IACP 2014 – Cyber threats and attacks facing law enforcement agencies
In November 2013, the Swansea Police Department of Massachusetts was the target of a cyber attack. The organization’s entire network was down after “CyptoLock” malware had infected their systems. Officers were able to determine that an anonymous attacker from Eastern Europe had penetrated their network and would only “unlock” the system after a ransom had been paid.
After working with IT, the Massachusetts Attorney General’s office and others, they were advised not to pay the ransom. But upon speaking with data security experts, the chief and his team learned that in order to get years of departmental data back, they would have to pay.
“We did not have proper back-up, and we were exposed,” George Arruda, chief of the Swansea Police Department, said. “But the goal was to get the data back.”
Security experts have argued the decision to pay the ransom at great length, but it underscores a central problem that some law enforcement organizations face – they are simply unprepared, and the indiscriminate nature of cyber threats mean everyone is at risk.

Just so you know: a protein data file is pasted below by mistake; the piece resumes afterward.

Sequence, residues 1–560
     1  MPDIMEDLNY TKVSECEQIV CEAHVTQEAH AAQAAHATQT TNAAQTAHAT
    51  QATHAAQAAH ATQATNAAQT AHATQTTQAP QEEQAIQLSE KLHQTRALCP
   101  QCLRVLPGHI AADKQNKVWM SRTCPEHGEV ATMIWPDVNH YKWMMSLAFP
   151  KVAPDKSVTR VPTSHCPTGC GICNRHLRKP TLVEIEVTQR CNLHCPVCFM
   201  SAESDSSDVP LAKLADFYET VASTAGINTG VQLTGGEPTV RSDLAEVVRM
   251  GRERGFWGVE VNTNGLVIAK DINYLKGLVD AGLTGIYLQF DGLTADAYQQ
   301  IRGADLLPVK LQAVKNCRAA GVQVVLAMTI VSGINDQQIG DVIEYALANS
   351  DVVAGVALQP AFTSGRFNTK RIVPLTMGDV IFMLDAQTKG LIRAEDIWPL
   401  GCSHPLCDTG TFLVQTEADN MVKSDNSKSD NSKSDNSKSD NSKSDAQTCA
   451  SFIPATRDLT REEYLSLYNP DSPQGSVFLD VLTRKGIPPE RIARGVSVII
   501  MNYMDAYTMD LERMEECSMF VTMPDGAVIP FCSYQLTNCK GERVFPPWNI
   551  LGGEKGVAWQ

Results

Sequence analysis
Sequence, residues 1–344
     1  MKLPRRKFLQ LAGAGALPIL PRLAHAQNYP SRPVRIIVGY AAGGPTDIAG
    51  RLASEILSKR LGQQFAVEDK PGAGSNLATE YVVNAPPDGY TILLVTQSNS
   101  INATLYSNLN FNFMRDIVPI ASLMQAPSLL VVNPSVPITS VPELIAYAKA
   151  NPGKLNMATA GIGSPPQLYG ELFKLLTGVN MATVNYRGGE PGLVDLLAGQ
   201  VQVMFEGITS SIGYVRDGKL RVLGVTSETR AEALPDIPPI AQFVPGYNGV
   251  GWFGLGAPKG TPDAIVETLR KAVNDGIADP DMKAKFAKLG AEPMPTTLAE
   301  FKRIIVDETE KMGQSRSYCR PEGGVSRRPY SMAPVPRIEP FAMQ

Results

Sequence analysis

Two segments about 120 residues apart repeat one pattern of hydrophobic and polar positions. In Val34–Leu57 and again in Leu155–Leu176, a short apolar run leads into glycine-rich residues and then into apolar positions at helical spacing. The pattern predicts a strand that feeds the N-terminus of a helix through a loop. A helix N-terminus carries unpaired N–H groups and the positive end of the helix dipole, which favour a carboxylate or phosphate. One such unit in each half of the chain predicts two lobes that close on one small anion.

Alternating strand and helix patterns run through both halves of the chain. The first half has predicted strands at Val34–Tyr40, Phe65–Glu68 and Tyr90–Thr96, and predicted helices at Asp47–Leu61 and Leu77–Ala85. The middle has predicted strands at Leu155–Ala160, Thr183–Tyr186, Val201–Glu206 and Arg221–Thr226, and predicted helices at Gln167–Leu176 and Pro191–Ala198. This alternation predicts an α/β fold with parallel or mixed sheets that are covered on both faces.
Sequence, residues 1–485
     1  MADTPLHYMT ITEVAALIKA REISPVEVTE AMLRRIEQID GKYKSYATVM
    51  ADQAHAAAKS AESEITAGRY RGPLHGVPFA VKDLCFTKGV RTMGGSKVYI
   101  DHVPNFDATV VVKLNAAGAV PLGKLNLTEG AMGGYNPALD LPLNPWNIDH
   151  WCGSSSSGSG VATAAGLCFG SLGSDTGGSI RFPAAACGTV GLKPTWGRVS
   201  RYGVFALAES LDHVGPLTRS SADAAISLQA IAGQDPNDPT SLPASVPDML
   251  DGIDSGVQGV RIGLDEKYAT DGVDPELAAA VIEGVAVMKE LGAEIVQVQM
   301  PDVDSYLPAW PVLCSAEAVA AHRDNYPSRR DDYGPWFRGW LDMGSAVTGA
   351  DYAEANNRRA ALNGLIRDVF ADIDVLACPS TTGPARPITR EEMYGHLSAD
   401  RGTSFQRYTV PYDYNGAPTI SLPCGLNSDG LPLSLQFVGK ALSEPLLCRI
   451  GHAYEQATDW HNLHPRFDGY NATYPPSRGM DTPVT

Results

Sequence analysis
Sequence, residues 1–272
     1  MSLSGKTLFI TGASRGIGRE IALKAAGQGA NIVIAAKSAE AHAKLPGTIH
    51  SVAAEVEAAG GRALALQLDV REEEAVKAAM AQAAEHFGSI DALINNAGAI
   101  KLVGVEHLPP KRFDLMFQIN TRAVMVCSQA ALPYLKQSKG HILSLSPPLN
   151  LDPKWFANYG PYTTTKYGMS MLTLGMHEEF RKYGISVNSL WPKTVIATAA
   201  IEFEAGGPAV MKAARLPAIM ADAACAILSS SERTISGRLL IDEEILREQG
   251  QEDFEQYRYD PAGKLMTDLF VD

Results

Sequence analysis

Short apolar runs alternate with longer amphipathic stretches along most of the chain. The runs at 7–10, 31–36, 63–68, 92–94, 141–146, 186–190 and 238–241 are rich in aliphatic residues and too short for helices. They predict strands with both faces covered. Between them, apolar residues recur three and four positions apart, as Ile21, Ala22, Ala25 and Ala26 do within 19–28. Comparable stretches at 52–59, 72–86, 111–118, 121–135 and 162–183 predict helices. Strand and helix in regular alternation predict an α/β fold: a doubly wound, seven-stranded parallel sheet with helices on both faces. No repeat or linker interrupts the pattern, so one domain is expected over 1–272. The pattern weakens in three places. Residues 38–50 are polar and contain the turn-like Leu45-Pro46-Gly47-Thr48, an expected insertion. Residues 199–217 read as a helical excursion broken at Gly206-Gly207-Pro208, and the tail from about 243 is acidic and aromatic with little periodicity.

“We live by information, and everything we do is with information,” said Mark Gage, deputy director of the National White Collar Crime Center. Law enforcement has been good with physical security, but he challenged attendees to be equally as good with electronic security.
Captain Stephen Sambar with the Los Angeles Police Department noted that cyber threats need to be regarded with the same level of preparedness as natural disasters, noting the path to preparedness begins with educating officers, establishing a recovery plan and testing the plan on a regular basis.
Of course, when it comes to the cyber world, there are some things you cannot prepare for, and social media is often the biggest obstacle.
Gage noted that the challenge is to train personnel how to use, understand and take a unified approach to social media. As he described, a chief wouldn’t let an officer take a cruiser home to fix the transmission, so law enforcement shouldn’t let officers engage technology without guidance or uniformity either.
“People are the weakest link in your network,” Gage said. “Policies and procedures must be appropriate and realistic in order for you to be prepared.”
Gage cited the expense that comes with engaging technology is worth it, and that public-private partnerships and coordination with local, state and federal law enforcement are key elements.